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I was at fault in the car accident ?

I hit a driver recently. She was 20 years old driving her mom's car. I got out of the car immediately admitting to it. I admitted it to the officer. I got ticketed for "following to close". I will pay the ticket in court. I was driving someone else's vehicle also and I'm not on their policy. Their insurance is in good standing and everything, but that has nothing to do with me. Also, i tried to offer a cash settlement of $1500 which i know is far more worth the damage. The cop even tried to persuade the mom when she arrived on the scene. But I guess it just is what it is. My question is, I don't really want to talk to the mother any further. She's rude and nasty and very disrespectful. I had my kids with me that day and she didn't care how she cursed and swore around them. They are triplets and all have special needs and it hurt their feelings. Can we just let the insurance handle it and that be it? And if my friend's coverage isnt enough, im told that they other folks can and will come after me. And that's fine too. Will i be required up front to pay the difference of everything or will the courts allow me some type of payment plan? I'm scared in all of this. Its one thing when you're dishonest. But to be honest, admit everything, try to make amends, and people still want to make mountains out of everything....geesh its terrible. If you didn't want to settle, thats fine. There's no law that says you absolutely have to. But all the other melodrama, i can do without. Help me!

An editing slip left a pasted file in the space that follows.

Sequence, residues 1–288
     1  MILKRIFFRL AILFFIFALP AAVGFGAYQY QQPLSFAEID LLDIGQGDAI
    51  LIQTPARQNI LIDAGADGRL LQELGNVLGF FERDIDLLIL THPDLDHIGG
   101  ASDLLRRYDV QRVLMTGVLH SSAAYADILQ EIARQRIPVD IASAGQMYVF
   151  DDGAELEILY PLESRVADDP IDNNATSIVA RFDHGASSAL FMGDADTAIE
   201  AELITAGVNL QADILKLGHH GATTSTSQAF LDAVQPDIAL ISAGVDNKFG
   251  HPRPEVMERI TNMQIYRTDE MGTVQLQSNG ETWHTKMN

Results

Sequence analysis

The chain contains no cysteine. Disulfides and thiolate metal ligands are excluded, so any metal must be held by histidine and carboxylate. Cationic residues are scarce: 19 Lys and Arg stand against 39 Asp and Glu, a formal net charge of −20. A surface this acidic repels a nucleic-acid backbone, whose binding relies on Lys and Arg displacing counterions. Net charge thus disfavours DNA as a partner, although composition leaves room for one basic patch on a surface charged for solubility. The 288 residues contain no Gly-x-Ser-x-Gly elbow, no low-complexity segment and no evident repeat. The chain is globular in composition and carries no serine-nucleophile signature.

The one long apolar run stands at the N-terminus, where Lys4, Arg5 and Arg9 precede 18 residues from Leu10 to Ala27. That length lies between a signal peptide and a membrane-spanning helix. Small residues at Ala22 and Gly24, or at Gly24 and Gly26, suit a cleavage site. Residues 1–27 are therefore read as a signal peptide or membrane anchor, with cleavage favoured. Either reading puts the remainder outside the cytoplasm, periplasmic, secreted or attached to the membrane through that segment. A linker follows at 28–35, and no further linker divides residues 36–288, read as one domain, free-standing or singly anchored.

13 Answers

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  • August
    Lv 6
    2 months ago

    You should be thougherley ashamed of yourself having put your kids life at risk.

    "Rude +Nasty" well so would I be if you told me you were not insured-which you are not! This is not a mountain,this/you garbage excuse is not acceptable today. The only good thing you did was to admit liability. I just hope you will be fined heavily and you learn from your mistakes. Man up !

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  • 2 months ago

    If you have insurance, let your company and your friends company deal with this. That's one of the things that you pay them for.

    If you don't have insurance, then someone is going to come to you about this (either friends insurance, other mom's insurance or other mom) and you will have to deal with that.

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  • 2 months ago

    Every insurance policy clearly states NEVER admit liability. The insurance company decides who's at fault. Oops. Too late, you admitted liability. And you had no insurance.

    So the other driver can sue YOU personally. I hope thay take you for everything they can. People that drive uninsured are about the lowest people I can think of.

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    • Parnell2 months agoReport

      Once again thank you @badge 203. We truly do have some miserable low life creeps in the world. 

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  • 2 months ago

    Your friend's insurance isn't going to cover anything, as you were not on the policy.

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    • Badge 203
      Lv 5
      2 months agoReport

      wrong, if the owner has insurance and gave the driver permission to drive her vehicle, then that driver is covered

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  • 2 months ago

    Mistake #1 Admitting to cause. Just give the facts. NEVER assume the blame. There could be other circumstance you did not notice.

    You now must let the Insurance company lawyers handle it now.

    Keep your mouth SHUT. You can only make it worse.

    Many Insurance policies cover, permitted drivers*, unless specifically excluded.

    From my experience, I would expect you to be only liable for Deductibles.

    *unless, taking the vehicle without permission, use of the vehicle for other than the purpose for which it was borrowed or normally used. You are an unlicensed driver.  You were inebriated (DUI), or using the vehicle for an unlawful activity. 

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  • 2 months ago